A new UK SOC coding framework, SOC 2020, was published in February 2020, shortly prior to publication of the year one data. After analyzing the SOC 2020 coding frame and determining that it would be suitable for use in our processing, we decided to adopt the new framework for use in Graduate Outcomes from year two of the survey. Results of the survey of 2018/19 graduates have been therefore published using the latest 2020 version of SOC. In parallel with the coding of year two data, year one SOC data was recoded to SOC 2020 to enable time series comparisons between year one and subsequent years of the Graduate Outcomes survey.

The use of nationally and internationally recognised standards to classify the industries and occupations in which graduates work enables comparison between HESA data on graduates in the workforce and other studies of employment which include data on industry and occupation. The move to SOC 2020 from year two of Graduate Outcomes and the concurrent recoding of year one SOC data further facilitates such comparisons by ensuring that graduates are classified according to the system which most closely reflects the current state of the labour market. The training requirements for occupations can change over time, and occupations may therefore move between SOC major groups when the SOC framework is revised; thus some occupations, including higher level teaching assistants and veterinary nurses, have moved from major group 6 (‘Caring, leisure and other service occupations’) in SOC 2010 to major group 3 (‘Associate professional occupations’) in SOC 2020.

HESA published the recoded year one SOC data in an ad hoc statistical bulletin on 20 May 2021.[8] The recoded data revealed a small increase in the proportion of graduates in occupations classified as ‘high skilled’. Under the old classification, 75.9% of graduates working in the UK were in highly skilled occupations, compared with 76.4% under SOC 2020. In particular, over 2,000 survey respondents were in occupations such as those described above which the new coding framework places in the high skilled category as ‘Associate professional occupations’ (major group 3), which were previously placed by SOC 2010 in the medium skilled category as ‘Caring, leisure and other service occupations’ (major group 6). The proportion of graduates in occupations classified as low skilled remained the same after the coding change at 9.9%.

Nationally accepted data standards are also relevant to the Graduate Outcomes SWB data. Graduate Outcomes measures SWB using a set of four questions (the ONS4) which were originally designed for the ONS as a harmonised standard of personal wellbeing; the ONS4 were first added by the ONS to the 2011 Annual Population Survey, and they have since been included in a range of other social surveys, including the Labour Force Survey (LFS).[9] HESA follows the ONS guidance on use of the SWB questions; the four questions are used verbatim in the Graduate Outcomes survey, and respondents are asked to give their answers to each question on a scale of 0 to 10, as specified by the ONS. HESA has also adopted the ONS’ bracketing methodology in outputs based on the SWB data. The adoption of a widely used set of SWB measures in Graduate Outcomes enables comparisons between graduate wellbeing data and wellbeing data collected in other social surveys; although it will be important to take potentially confounding factors into account in any analysis, the SWB measures themselves will be comparable.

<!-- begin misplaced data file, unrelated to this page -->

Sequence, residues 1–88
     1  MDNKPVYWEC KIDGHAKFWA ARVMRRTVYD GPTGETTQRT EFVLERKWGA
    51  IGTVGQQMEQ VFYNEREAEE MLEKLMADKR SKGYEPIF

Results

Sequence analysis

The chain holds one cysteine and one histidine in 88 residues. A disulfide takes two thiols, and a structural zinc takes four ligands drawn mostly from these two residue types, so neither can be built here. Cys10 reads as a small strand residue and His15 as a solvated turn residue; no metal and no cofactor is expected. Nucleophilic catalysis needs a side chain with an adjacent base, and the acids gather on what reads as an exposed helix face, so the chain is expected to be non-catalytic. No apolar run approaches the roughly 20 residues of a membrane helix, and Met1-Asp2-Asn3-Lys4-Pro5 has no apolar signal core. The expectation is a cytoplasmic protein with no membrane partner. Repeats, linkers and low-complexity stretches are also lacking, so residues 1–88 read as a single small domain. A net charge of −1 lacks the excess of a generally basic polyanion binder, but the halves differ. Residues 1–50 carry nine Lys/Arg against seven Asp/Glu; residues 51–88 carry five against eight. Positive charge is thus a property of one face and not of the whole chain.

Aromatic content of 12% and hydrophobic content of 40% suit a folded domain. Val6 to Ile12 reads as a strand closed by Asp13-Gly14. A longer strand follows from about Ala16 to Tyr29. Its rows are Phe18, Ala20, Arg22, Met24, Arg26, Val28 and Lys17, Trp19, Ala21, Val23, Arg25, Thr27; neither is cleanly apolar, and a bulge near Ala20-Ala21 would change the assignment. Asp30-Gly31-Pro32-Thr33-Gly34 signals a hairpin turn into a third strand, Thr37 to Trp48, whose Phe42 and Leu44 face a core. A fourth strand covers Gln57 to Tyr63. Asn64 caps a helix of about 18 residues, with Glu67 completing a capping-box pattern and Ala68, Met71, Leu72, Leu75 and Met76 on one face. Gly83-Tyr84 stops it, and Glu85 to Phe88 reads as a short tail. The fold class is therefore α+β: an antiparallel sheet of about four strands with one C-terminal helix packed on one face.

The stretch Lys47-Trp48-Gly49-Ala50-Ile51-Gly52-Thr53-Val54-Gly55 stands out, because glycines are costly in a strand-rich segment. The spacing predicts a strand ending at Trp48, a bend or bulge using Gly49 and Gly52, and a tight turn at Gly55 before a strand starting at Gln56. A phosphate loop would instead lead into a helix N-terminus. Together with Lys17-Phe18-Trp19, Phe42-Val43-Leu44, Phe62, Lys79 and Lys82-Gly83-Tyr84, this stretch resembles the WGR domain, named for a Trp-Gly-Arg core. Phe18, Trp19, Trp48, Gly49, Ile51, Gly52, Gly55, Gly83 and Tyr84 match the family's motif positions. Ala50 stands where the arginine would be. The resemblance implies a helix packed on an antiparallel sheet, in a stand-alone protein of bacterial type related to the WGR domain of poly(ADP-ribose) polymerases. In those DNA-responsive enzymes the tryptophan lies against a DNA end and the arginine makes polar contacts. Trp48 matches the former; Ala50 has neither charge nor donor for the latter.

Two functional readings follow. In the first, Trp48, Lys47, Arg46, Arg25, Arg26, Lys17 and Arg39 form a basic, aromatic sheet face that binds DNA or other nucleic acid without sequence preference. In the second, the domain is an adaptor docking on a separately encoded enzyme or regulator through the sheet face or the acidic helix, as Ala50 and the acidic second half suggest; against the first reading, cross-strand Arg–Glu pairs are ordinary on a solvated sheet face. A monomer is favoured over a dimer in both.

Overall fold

Next: Graduate Outcomes and other data on graduates


[1] Office for National Statistics. 2020. ‘Introduction’, in A guide to labour market statistics. https://www.ons.gov.uk/employmentandlabourmarket/peopleinwork/employmentandemployeetypes/methodologies/aguidetolabourmarketstatistics#introduction

[2] International Conference of Labour Statisticians. 2013. Resolution I: Resolution concerning statistics of work, employment and labour underutilization. ILO Department of Statistics (ILOSTAT). http://www.ilo.ch/wcmsp5/groups/public/---dgreports/---stat/documents/normativeinstrument/wcms_230304.pdf

[3] While graduates who report that their main activity is caring for someone else on an unpaid basis are not included in HESA’s tables of graduates in work, those graduates can still be identified as a belonging to a category which fits under the ILO definition of work.

[4] Definitions of unemployment are available on the ILO ‘Concepts and definitions’ webpage (https://ilostat.ilo.org/resources/concepts-and-definitions/) as well as the ONS publication, A guide to labour market statistics (https://www.ons.gov.uk/employmentandlabourmarket/peopleinwork/employmentandemployeetypes/methodologies/aguidetolabourmarketstatistics#unemployment)

[5] Office for National Statistics. 2009. UK Standard Industrial Classification of Economic Activities 2007 (SIC 2007): Structure and explanatory notes. https://www.ons.gov.uk/methodology/classificationsandstandards/ukstandardindustrialclassificationofeconomicactivities/uksic2007

[6] Office for National Statistics. Classifying the Standard Occupational Classification 2020 (SOC 2020) to the International Standard Classification of Occupations (ISCO-08). https://www.ons.gov.uk/methodology/classificationsandstandards/standardoccupationalclassificationsoc/soc2020/classifyingthestandardoccupationalclassification2020soc2020totheinternationalstandardclassificationofoccupationsisco08

[7] Elias, P. and R. Ellison. 2012. ‘Standard Occupational Classification (2010) for the Destinations of Leavers from Higher Education: SOC 2010 (DLHE)’. https://www.hesa.ac.uk/collection/c14018/download/soc2010dlhe.pdf

[8] HESA’s ad-hoc statistical bulletin Graduate Outcomes SOC 2020 update: UK, 2017/18 includes updated versions of relevant occupation tables previously published using the SOC 2010 classification, as well as comparisons of the results under the old and new SOC classifications. See: https://www.hesa.ac.uk/news/20-05-2021/graduate-outcomes-soc-2020-update